Dead fish to fuel Norwegian cruise liners

Posted on 21 November 2018

Norwegian cruise ship company, Hurtigruten, plans to harvest dead fish waste to power its cruise liners, in a bid to offer greener leisure travel.

Credit: Hurtigruten Svalbard

In an interview with Cruise Industry News, Hurtigruten CEO Daniel Skjeldam revealed his intentions to revolutionise the future of cruise liner travel, offering a full leisure experience that is also eco-friendly.

Skjeldam and his team are not concerned about the sustainability of using fish. Acorrding to them, Norway has a thriving fishing, forestry and shipping industry, and the commercial fishing industry’s bio-waste in the form of dead fish parts is a cost-effective and accessible renewable fuel source. The dead fish waste and organic matter from the local forestry industry would be liquefied and the natural gasses harvested in the decomposition process to produce the ship’s fuel.

Credit: Hurtigruten Svalbard

Many marine vessels use Heavy Fuel Oil (HFO) which is cheap for operations, but not at all good for the environment. The result is heavy pollution and carbon emissions that speed up climate change.

Hurtigruten plans to convert six of its 17 vessels into hybrid-fuelled ships, and will be introducing three new green cruise liners in the next three years. Its goal is to be as green as possible by 2021 and Skjeldam hopes to operate exclusively on hybrid-fuel sources: LNGs (Liquefied Natural Gas), biogas and electric power from large battery packs.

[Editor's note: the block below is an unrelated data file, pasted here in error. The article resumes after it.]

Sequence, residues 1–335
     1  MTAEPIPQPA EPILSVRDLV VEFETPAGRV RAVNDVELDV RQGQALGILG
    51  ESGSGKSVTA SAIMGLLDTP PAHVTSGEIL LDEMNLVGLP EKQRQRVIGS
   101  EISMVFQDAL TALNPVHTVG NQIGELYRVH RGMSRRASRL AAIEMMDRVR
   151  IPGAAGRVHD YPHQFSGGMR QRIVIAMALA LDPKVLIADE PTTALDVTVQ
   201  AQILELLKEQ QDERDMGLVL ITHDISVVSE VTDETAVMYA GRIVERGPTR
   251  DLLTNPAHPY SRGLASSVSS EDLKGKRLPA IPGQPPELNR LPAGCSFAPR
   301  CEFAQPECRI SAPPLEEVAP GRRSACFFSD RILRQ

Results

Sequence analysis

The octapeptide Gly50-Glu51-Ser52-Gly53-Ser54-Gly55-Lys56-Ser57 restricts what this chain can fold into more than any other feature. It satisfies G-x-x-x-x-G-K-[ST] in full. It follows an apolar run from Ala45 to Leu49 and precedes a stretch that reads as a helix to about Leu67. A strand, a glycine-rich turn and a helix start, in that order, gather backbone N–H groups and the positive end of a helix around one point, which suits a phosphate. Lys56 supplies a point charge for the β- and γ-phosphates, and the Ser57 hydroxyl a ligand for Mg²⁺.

Batteries would need to be very powerful to help power ships, and require clean gas and renewable energy sources. Fortunately, the Scandinavian company has access to these and the batteries are capable of storing and converting the biogas into electrical energy.

The company has partnered with Rolls-Royce to upgrade and fit all Hurtigruten ships with battery packs. The luxury motor manufacturer has a variety of renewable energy batteries, including a range for marine vessels.

While battery power is cleaner for operations, society is wising up to the still-damaging effects of battery production. What we’ve learnt from the would-be greener future of electric cars is that it’s not all as clean and green as we’d like to believe. Production of batteries, and the sourcing of critical materials for components involve industrial and mining processes that tend to wreak havoc on the environment in the way of carbon emissions and pollution.

Despite the clear eco-focus and Hurtigruten’s 125 year history, revamps of the three new ships will emphasise classic Scandinavian design philosophies of quality and style that is elegant, but not flamboyant. Two of the three new hybrid ships have been named after intrepid Norwegian countrymen – MS Roald Amundsen and MS Fridtjof Nansen.

The cruise company has also banned the use of single-use plastics aboard its fleet in a bid to prevent and counter widespread plastic pollution that affects their prime work environment – the oceans. Hurtigruten cruise ship passengers are known to participate in beach clean-ups, and generally take great interest in conservation and the environment. Some cruise ship expeditions, as they are commonly referred to, involve nature trips with travellers who enjoy exploring the natural environment upon docking.

‘While competitors are running on cheap, polluting heavy fuel oil, our ships will literally be powered by nature. Biogas is the greenest fuel in shipping, and will be a huge advantage for the environment. We would love other cruise companies to follow,’ Skjeldam said.

Hurtigruten’s cruise ships operate in the polar regions and across Europe and the Americas, offering both coastal and exploratory voyage options.

yoast-primary - 1004391
tcat - Environment
tcat_slug - environment
tcat2 - Environment
tcat2_slug - environment
tcat_final -